Can Video Games Heal?

Society continues to stigmatize mental health challenges, using it to justify villain’s behavior in video games. Blaming bad behavior on mental health.

Not only does this–in video games or the real world–shed a negative light on mental health, it dehumanizes those who do struggle, showing them that they are not capable of doing anything constructive. Because video games are no longer confined to a certain niche, they have the potential to become powerful tools, like other forms of media. In recent years, games are being used to educate students, help stroke victims recover grip strength, and, more recently, assist individuals with mental health challenges.

As more individuals and organizations are attempting to change the way society understands mental health, it is only natural that video game producers and designers are beginning to do the same and video games are increasingly being used as a type of therapy. According to a recent study published in the American Psychologist, in some ways video games can address and overcome limitations that affect traditional therapy.

There is a gap between having the knowledge and actually knowing how to use it, which is why students have homework after a lesson, and it is the same for the tools someone might learn during a therapy session. Even if therapy includes a simulation, it might not evoke authentic emotional reactions or experiences compared to a real-life situation. Video games can address this gap because they engage players in immersive, emotional experiences while providing the opportunity for them to use the tools they might have learned during therapy and practice is automatic.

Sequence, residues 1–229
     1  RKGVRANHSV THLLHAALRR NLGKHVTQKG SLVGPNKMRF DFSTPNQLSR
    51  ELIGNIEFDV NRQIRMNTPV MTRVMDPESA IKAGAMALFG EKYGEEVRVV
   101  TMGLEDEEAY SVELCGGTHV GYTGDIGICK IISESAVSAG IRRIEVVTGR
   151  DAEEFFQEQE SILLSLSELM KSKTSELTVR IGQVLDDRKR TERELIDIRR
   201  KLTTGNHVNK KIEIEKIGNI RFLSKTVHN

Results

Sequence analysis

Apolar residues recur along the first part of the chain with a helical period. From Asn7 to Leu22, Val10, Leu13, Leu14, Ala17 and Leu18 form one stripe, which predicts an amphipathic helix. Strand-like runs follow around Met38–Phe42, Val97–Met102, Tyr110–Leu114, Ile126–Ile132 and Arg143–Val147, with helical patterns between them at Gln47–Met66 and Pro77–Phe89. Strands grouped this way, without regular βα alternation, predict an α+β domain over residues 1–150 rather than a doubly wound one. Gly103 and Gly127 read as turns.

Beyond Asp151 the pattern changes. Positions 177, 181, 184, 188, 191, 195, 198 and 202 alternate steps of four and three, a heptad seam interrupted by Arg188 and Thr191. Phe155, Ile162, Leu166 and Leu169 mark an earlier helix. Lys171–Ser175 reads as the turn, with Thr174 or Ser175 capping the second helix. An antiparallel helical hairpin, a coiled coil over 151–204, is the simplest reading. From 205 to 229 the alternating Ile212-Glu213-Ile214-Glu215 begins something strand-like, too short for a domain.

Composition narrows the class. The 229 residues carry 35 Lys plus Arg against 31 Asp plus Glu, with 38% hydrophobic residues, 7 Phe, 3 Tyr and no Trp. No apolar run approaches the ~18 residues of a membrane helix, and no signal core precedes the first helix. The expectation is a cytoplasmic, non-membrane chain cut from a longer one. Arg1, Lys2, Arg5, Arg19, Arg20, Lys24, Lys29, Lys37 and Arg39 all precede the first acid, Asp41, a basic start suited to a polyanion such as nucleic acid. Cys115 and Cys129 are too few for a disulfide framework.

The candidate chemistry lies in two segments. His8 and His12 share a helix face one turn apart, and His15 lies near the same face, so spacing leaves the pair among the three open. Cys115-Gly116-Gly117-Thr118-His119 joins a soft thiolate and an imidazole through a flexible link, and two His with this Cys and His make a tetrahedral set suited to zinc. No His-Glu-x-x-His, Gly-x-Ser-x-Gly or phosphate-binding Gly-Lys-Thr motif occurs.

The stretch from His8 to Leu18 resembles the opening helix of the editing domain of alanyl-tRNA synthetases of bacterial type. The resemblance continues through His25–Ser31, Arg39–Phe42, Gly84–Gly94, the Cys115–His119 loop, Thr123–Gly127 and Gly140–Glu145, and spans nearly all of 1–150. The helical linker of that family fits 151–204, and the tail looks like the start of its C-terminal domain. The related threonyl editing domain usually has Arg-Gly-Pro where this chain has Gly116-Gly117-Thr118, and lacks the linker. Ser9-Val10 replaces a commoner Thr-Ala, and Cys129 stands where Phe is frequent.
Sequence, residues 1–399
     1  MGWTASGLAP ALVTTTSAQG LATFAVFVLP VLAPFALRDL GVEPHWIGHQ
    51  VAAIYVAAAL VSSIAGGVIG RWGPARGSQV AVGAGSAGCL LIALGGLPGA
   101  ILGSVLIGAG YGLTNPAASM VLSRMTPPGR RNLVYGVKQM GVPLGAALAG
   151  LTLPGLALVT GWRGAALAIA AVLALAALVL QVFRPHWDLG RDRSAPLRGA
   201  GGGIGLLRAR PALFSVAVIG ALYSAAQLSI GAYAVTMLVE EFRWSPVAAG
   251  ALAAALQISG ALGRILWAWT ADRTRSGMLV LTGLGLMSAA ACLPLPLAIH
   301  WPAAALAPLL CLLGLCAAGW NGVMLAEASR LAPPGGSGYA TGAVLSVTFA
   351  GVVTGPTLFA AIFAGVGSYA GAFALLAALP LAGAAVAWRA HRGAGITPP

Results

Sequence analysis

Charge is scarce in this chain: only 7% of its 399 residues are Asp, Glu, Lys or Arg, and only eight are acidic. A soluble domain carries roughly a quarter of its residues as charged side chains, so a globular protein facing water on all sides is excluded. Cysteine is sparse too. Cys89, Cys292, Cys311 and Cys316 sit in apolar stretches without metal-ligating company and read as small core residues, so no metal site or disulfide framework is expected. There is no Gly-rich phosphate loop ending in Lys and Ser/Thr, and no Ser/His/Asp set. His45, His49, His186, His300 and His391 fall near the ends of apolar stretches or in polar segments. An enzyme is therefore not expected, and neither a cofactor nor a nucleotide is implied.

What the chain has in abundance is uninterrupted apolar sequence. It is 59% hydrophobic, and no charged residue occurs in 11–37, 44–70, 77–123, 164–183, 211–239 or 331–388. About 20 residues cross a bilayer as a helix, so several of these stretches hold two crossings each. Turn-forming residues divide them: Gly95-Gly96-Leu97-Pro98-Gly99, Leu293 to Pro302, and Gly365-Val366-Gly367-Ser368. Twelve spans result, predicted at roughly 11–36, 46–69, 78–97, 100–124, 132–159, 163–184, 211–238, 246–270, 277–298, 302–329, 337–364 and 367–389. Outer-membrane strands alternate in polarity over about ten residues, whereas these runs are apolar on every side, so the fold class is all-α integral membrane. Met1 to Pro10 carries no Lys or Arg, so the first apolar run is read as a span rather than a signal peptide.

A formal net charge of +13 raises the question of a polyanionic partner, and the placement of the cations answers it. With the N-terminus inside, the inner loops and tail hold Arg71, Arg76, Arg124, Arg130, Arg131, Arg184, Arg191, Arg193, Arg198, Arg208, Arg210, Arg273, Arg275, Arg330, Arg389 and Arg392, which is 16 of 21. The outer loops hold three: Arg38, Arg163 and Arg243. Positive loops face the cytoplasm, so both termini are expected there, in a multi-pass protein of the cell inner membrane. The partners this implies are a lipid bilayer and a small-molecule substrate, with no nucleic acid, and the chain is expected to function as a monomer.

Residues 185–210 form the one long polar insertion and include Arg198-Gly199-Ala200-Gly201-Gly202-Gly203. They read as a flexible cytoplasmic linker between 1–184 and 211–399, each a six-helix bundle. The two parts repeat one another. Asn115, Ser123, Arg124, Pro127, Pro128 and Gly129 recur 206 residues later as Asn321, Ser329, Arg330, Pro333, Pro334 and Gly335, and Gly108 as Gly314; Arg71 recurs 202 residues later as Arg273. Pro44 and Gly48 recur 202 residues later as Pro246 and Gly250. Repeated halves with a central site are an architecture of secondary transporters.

Access to care is challenging for many people whether they live in a rural area where sessions are hard to reach, they work or go to school during treatment hours, or they are physically or psychologically unable to commute. Video games can reach these populations as they can be delivered to wherever clients reside.

Some children and families cannot afford individual or group therapy. To put it simply, video games are much cheaper.

A team from New Zealand has not only realized the potential of video games, but actually finished developing a game to help with depression and other mental health concerns.

Released in 2013, SPARX – Smart, Positive, Active, Realistic, X-factor thoughts – is a fantasy-role playing game designed to help young people with mild to moderate depression, stress, or anxiety. It was developed as a way to reach out to young people who do not wish to attend face-to-face counseling. In 2012, the game was tested on 187 teens with mild to moderate depression. One group was assigned to the video game and the other group received typical treatment from trained counselors and youth clinics. The game helped more of the youth to recover from their depression in comparison to the usual care group. SPARX was not created to be a replacement for the services that are already available; rather, it should be used as a tool that youth, adults, and mental health professionals can access during their own time.

I realize that there are many studies on the negative effects of gaming (like all things taken in excess, it can be mentally and physically harmful) and I do not think those studies should be ignored. However, the potential also exists that video games can positively affect our society and should be recognized. Second, by no means are we advocating the elimination or replacement of traditional therapy, video games should be seen as a potentially enhancing tool.

I advocate using the tools we have–video games or otherwise–for good rather than to create the types of negative environments where hate and violence may be encouraged.